As an example of emerging weapons that demand counter-development, Jones points to tech such as short-range, warhead-enabled drones that soldiers can carry to the battlefield. It may be an effective, devastating weapon — but that destructive power works for terrorists as for the U.S. military.

“We’re going to see a lot of focus on developing technology to disable, disrupt, destroy unmanned aerial vehicles that might be used by an enemy,” Jones says.

The development of unmanned aerial vehicles, or UAVs — as well as the ability to counter them — are both big, big growth markets. The missile defense systems used to contend with emerging nuclear threats are also ripe for innovation. Jones says that such systems are still early in development.

“Today, there’s a high degree of probability that we could shoot down one missile,” Jones says. “But if an enemy can fire 10 missiles and all of those missiles have multiple reentry vehicles — multiple different warheads that come down — then the fear is that something like that would overwhelm any type of missile defense system that we have today.”

Defense Contractors: Buying Research

Due to these emerging threats, the focus is on research and development, and this emphasis is turning major weapons manufacturers into acquirers.

On the supplier side, big U.S. defense contractors are signaling their willingness to dive into M&A. Falls Church, Virginia-based Northrop Grumman acquired aerospace manufacturer Orbital ATK for $7.8 billion in September. Shortly after the deal was made public, Chicago-based aerospace and defense giant Boeing announced that it, too, was on the prowl for acquisitions. One factor influencing the growth is relaxation and streamlining of regulations governing weapons exports, a reform begun during the Obama administration and embraced by President Trump.

Greater Tensions, Greater Defense Budgets

Despite the overall reduction of defense budgets as a percentage of GDP, rising tensions around the world are expected to drive up defense expenditures globally, especially in Asia and the Middle East, according to a 2017 Deloitte forecast. Western European nations are spending more as well, with budgets increasing 2.6 percent in 2016, owing to a perceived threat from Russia, according to PwC.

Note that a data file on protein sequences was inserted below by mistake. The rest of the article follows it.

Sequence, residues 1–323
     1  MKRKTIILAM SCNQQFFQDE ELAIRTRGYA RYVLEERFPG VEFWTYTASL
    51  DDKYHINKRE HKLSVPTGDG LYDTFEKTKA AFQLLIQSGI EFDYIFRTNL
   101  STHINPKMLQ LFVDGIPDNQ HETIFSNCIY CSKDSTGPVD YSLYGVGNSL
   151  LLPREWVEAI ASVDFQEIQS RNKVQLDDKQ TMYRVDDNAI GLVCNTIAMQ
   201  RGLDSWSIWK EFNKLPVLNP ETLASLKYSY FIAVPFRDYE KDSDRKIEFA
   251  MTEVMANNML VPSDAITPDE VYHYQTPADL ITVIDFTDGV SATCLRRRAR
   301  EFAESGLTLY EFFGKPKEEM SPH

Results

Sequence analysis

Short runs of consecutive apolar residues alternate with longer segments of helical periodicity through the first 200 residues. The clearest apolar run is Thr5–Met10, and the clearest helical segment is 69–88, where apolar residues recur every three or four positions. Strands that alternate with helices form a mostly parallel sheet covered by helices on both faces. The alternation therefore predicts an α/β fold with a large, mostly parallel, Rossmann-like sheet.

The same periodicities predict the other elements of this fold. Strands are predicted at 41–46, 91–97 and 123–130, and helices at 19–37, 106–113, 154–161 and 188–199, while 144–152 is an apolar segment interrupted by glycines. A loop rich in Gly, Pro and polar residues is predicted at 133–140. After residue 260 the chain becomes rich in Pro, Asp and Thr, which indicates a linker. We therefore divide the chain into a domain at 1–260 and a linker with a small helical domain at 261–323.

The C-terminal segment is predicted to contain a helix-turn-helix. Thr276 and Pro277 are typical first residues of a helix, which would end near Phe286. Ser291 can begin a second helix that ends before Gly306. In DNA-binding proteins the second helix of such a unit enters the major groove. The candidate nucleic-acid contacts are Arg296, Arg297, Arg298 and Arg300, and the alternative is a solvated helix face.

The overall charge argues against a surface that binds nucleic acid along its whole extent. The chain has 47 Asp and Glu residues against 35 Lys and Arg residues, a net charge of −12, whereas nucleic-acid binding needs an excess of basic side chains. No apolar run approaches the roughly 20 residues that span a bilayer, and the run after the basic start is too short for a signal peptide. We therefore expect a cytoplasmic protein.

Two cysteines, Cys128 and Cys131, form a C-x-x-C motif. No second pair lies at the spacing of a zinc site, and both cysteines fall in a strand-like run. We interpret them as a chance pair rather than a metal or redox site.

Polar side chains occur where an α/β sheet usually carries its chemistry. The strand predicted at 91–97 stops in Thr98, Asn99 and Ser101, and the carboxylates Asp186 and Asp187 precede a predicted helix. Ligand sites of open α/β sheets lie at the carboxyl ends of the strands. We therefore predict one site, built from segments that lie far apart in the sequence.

There’s also a “Donald Trump effect” at play: Even though a 2011 budget sequestration law has limited the American president’s ability to radically increase defense spending (Trump’s 2018 budget allocates $603 billion to defense, a $54 billion increase over 2016 but only $18 billion more than Obama’s planned 2017 increase), the president’s influence is at work in Europe. After Trump pushed NATO’s 29 member countries to increase their defense spending, the group announced a $12 billion spending increase by its non-U.S. members, to about $295 billion.

That increase in spending doesn’t mean that more conventional weaponry gets pushed aside for newer more advanced defense systems that deal with emerging threats. No, it actually means that the funding and research focus must be spread out to different types of projects and equipment.

“It’s not like we can take the resources we once devoted to traditional weaponry, and now just use them for asymmetric conflicts instead,” Jones says. “You still need aircraft carriers and tanks, so even as you turn your attention to these asymmetric type of situations, you have to continue to be prepared for force-on-force engagements.”